Doyle W. Brewington.

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Commentator

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#6

Re: Is Low-Cost Chinese Labor Affecting Your U.S. Exports?

07/15/2011 9:51 AM

I disagree with the idea of countries using tariffs to discourage imports. Those methods too soon become "tit-for-tat" policies between the rival countries.

Much more effective is to educate the citizens to shun "bargains" the imports appear to be, as those bargains turn into lost jobs. I believe in the old labor union slogan: "Buy American local, the job you save may be your own."

There's a difference between individuals refusing the products of another country than the governments themselves levying taxes to discourage commerce.

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Guru
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#7

Re: Is Low-Cost Chinese Labor Affecting Your U.S. Exports?

07/15/2011 10:34 AM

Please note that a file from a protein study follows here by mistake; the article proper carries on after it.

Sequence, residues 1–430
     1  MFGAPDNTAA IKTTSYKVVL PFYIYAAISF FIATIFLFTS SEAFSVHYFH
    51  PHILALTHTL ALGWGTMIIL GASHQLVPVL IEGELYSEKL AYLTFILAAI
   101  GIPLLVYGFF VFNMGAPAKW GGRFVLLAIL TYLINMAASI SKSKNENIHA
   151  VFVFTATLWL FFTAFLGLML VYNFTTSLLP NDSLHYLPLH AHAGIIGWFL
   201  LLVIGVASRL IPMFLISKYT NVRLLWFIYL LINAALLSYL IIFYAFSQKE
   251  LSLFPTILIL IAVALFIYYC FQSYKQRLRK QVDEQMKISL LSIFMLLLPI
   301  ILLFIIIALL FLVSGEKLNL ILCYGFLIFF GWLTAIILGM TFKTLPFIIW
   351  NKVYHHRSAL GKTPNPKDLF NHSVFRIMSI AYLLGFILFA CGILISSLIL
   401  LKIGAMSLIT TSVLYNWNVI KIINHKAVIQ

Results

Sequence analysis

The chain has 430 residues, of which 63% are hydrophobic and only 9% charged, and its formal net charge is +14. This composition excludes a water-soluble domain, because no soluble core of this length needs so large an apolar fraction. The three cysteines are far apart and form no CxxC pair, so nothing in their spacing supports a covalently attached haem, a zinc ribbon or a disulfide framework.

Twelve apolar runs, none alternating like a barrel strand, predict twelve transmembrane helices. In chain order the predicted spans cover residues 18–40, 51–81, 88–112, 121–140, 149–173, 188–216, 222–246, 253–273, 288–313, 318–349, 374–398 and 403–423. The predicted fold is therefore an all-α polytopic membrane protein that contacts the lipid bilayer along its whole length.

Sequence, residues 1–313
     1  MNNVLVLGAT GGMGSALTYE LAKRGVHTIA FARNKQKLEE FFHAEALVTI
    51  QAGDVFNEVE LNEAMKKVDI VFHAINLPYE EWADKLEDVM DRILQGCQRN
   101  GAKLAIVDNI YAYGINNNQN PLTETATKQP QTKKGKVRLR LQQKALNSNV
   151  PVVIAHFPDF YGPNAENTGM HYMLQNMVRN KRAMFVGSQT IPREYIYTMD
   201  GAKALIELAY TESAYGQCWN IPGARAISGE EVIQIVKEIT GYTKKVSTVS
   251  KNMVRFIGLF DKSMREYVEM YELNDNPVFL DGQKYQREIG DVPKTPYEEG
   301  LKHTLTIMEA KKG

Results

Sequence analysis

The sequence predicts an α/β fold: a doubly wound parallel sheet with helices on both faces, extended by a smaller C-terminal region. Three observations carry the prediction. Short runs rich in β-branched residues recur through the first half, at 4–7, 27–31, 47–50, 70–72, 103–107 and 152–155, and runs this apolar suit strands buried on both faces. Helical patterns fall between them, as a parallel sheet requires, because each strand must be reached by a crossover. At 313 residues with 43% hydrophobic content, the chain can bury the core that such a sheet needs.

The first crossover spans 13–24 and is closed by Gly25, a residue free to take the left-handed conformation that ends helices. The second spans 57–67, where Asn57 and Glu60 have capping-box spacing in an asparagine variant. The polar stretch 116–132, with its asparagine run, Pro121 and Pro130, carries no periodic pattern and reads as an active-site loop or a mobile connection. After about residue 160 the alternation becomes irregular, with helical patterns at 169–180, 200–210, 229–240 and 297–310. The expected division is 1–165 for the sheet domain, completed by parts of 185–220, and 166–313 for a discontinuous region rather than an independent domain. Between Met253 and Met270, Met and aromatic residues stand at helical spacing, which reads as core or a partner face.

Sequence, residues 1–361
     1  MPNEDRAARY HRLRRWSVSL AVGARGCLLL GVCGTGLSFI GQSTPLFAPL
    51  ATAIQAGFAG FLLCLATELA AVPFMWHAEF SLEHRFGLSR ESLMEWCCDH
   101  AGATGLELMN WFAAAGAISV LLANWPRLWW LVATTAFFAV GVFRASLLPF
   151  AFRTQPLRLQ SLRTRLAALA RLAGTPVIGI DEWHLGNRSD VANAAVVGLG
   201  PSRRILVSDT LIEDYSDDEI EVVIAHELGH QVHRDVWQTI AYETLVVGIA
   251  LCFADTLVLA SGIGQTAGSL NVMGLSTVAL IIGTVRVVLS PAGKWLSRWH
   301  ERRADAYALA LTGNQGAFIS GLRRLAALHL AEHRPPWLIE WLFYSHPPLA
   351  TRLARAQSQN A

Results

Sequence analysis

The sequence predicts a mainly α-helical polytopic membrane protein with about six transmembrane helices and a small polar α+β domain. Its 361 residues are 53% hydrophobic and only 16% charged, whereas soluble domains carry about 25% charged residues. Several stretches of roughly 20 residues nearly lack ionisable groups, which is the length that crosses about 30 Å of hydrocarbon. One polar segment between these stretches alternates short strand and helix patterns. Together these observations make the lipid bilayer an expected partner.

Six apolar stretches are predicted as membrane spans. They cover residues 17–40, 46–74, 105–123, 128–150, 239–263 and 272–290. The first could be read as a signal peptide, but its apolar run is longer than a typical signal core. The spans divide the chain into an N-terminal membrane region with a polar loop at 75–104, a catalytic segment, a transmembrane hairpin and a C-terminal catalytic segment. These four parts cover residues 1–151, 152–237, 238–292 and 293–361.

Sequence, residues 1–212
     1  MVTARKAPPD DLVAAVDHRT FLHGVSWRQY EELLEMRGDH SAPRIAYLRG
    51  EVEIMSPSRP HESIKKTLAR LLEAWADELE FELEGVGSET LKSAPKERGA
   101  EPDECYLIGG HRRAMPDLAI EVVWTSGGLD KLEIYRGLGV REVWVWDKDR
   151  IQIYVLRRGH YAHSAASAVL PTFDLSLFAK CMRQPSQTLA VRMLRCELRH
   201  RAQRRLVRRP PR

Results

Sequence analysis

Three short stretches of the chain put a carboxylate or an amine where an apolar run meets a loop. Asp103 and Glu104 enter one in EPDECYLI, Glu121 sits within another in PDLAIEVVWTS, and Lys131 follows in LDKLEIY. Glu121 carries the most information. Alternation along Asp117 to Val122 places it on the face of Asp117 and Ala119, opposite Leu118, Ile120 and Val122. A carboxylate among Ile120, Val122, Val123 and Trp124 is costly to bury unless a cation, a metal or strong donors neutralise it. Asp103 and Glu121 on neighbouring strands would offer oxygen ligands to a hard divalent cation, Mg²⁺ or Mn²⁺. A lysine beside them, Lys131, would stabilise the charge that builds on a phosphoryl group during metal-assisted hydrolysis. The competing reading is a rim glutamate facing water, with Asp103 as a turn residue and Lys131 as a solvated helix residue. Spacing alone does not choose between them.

Hey two to three decades ago it was the cheap Japanese junk. As then and now with china. We only have to to blame is our own business practices and purchasing habits.

But I look on the bright side. China in acquiring this has it's government in a spot pulling farther away from communism. People will want more as they prosper. It will be very hard for the government to keep the level playing field in wealth among it's citizens. Or control the desires of that many people. And sooner or latter just like Japan their economy will be on par with ours. It will no longer be Chinese junk your complaining about.

Then what developing country you going to complain about?

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Participant

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#12

Re: Is Low-Cost Chinese Labor Affecting Your U.S. Exports?

07/15/2011 1:47 PM

Unfortunatly I have to remind you, all of us must work for a solution to a problem every day. And if your not part of the solution . . .